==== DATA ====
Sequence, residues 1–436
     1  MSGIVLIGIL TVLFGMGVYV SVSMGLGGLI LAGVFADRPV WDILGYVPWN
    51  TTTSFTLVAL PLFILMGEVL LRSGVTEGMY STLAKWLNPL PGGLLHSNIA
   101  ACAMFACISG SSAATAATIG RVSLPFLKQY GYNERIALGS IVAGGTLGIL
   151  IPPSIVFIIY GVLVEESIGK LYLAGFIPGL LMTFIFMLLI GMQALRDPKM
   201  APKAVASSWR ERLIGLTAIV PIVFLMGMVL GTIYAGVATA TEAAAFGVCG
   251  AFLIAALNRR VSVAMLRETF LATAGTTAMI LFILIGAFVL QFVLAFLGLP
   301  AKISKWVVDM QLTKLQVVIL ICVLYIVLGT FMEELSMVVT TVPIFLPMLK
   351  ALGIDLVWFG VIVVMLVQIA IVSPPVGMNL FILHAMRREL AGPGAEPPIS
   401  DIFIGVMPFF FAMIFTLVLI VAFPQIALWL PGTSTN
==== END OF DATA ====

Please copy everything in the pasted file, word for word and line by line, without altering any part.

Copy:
Sequence, residues 1–436
     1  MSGIVLIGIL TVLFGMGVYV SVSMGLGGLI LAGVFADRPV WDILGYVPWN
    51  TTTSFTLVAL PLFILMGEVL LRSGVTEGMY STLAKWLNPL PGGLLHSNIA
   101  ACAMFACISG SSAATAATIG RVSLPFLKQY GYNERIALGS IVAGGTLGIL
   151  IPPSIVFIIY GVLVEESIGK LYLAGFIPGL LMTFIFMLLI GMQALRDPKM
   201  APKAVASSWR ERLIGLTAIV PIVFLMGMVL GTIYAGVATA TEAAAFGVCG
   251  AFLIAALNRR VSVAMLRETF LATAGTTAMI LFILIGAFVL QFVLAFLGLP
   301  AKISKWVVDM QLTKLQVVIL ICVLYIVLGT FMEELSMVVT TVPIFLPMLK
   351  ALGIDLVWFG VIVVMLVQIA IVSPPVGMNL FILHAMRREL AGPGAEPPIS
   401  DIFIGVMPFF FAMIFTLVLI VAFPQIALWL PGTSTN